The Pursuit of Healthiness: ED Nurses Unafraid to Ask Questions When it Comes to Saving Lives


It was going into the 11thhour of his stay, and the patient in the Northwest Hospital emergency department (ED) was still a mystery. Too sick to even sit up, he underwent diagnostic test after diagnostic test, all of which revealed nothing. But for nurses like Terri Tanner, talking to a patient is just as important as diagnostic testing. 
“He did not speak English, so I used our video interpreter service to just keep asking him questions,” Tanner recalls.” I knew I couldn’t rush this.

Despite the language barrier, Tanner learned a lot from the patient, information about his family, his home life and how he worked two jobs. Then, at last, her questions uncovered an important piece of information: a colleague at his restaurant job had also been sick. That’s when an idea popped into Tanner’s head.

“I reached out to a physician and asked if he would order a carbon monoxide (CO) poisoning test,” she explains. “CO poisoning is fortunately rare; I’ve only seen a couple cases in my career. But after talking to the patient, it feltlike the right call.”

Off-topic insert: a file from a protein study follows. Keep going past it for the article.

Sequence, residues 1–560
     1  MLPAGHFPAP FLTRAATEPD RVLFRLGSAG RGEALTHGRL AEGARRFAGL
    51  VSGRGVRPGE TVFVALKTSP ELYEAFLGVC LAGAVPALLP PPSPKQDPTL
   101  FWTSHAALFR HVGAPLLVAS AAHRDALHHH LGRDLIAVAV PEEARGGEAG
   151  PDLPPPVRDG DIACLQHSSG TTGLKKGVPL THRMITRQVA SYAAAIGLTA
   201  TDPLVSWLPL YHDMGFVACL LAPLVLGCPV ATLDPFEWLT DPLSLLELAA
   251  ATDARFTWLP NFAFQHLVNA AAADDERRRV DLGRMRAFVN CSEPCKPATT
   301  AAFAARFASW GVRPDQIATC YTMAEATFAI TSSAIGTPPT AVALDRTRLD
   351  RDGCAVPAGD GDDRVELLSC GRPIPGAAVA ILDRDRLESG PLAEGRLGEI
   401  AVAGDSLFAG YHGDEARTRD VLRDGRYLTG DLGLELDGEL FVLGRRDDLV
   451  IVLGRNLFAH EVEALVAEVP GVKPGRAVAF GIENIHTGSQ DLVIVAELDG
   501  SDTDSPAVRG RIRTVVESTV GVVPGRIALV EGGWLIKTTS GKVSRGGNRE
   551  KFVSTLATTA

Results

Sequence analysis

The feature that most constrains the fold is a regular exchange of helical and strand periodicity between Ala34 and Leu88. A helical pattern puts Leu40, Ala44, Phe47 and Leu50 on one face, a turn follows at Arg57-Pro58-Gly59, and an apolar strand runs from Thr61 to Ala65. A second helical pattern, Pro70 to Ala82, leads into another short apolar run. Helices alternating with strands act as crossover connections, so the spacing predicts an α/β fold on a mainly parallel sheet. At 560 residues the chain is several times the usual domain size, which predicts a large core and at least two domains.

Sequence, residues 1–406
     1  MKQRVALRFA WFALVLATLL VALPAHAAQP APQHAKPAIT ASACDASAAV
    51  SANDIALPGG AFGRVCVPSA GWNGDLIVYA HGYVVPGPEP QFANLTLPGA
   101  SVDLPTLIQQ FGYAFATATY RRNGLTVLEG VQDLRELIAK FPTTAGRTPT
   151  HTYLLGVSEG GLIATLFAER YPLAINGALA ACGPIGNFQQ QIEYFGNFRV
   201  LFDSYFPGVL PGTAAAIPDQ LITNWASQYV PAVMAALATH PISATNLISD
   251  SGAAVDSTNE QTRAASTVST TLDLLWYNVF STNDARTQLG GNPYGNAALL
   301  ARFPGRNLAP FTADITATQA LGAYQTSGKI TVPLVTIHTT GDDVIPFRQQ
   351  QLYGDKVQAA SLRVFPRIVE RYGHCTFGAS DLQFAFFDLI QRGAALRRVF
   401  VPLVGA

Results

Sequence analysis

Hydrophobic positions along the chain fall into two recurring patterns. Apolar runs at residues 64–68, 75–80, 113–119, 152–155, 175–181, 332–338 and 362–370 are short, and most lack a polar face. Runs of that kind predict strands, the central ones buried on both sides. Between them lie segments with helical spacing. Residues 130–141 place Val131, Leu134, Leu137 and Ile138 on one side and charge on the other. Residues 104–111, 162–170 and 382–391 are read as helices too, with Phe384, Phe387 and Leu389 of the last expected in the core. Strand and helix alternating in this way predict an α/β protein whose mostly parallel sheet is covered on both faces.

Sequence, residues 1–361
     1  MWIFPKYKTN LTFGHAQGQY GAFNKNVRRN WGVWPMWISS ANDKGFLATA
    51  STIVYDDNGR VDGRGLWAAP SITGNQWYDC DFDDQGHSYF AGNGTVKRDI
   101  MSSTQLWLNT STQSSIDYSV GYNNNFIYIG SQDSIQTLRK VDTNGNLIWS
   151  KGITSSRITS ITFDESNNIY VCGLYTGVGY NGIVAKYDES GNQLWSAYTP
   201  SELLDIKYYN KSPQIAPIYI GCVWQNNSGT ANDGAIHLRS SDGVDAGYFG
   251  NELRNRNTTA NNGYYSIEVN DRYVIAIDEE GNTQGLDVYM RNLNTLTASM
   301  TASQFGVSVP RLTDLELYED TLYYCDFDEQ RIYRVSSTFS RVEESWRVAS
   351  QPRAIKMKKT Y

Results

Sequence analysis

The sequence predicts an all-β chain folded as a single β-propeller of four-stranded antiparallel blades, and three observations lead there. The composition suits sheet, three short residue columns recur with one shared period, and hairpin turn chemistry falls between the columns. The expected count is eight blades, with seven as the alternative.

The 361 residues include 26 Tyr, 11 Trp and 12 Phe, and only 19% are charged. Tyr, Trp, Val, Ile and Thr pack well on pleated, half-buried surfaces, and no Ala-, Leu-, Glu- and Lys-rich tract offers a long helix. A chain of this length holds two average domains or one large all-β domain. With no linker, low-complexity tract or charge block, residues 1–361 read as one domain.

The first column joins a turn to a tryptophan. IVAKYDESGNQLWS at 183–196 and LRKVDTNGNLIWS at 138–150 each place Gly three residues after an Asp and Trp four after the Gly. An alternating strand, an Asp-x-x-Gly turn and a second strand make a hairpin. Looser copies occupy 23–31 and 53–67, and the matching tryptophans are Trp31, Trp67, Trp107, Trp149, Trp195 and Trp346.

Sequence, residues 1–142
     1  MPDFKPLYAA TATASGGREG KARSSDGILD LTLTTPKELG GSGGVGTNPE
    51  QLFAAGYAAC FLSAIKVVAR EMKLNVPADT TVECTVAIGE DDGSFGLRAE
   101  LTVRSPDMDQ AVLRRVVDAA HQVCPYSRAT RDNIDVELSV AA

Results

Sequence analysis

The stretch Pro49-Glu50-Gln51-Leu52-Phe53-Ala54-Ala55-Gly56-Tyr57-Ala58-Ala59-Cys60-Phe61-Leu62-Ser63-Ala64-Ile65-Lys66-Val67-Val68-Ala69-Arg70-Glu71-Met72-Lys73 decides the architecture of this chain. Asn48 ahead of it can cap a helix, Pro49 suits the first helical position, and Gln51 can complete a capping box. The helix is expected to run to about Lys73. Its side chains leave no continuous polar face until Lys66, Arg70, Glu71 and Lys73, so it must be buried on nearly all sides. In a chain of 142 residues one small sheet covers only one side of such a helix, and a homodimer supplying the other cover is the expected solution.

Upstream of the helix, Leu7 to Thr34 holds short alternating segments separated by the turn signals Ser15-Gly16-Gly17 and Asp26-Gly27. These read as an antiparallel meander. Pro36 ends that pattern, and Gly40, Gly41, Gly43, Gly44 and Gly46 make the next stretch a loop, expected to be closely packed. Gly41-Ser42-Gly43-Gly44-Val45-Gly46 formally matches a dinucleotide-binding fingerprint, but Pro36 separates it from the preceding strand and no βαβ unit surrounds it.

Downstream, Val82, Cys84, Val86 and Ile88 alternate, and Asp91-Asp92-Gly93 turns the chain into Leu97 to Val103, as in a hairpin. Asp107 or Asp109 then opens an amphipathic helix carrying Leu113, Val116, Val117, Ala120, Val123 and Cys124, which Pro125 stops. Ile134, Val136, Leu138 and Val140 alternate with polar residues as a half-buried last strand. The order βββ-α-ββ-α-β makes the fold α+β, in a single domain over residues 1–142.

It was. The test revealed dangerous levels of carbon monoxide in the patient’s bloodstream, and oxygen therapy was immediately initiated. When Tanner’s colleague, Rachel Venable, heard about the patient during her rounds as that night’s hospital operations coordinator, she stepped in to help.

Venable called the fire department and asked them to perform a safety check at the patient’s job site. Sure enough, what they found was a carbon monoxide leak that had reached toxic levels. The department’s lieutenant called Venable back to thank her for making what he called a “good catch” and potentially saving many more lives. 

“This is really Terri’s good catch,” Venable says. “But successful emergency medicine is always a collaborative effort between providers, nurses, techs and first responders. In our ED, we trust each other and listen to each other, and we deliver better care because of it.

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Photo: Emergency Department Nurse Rachel Venable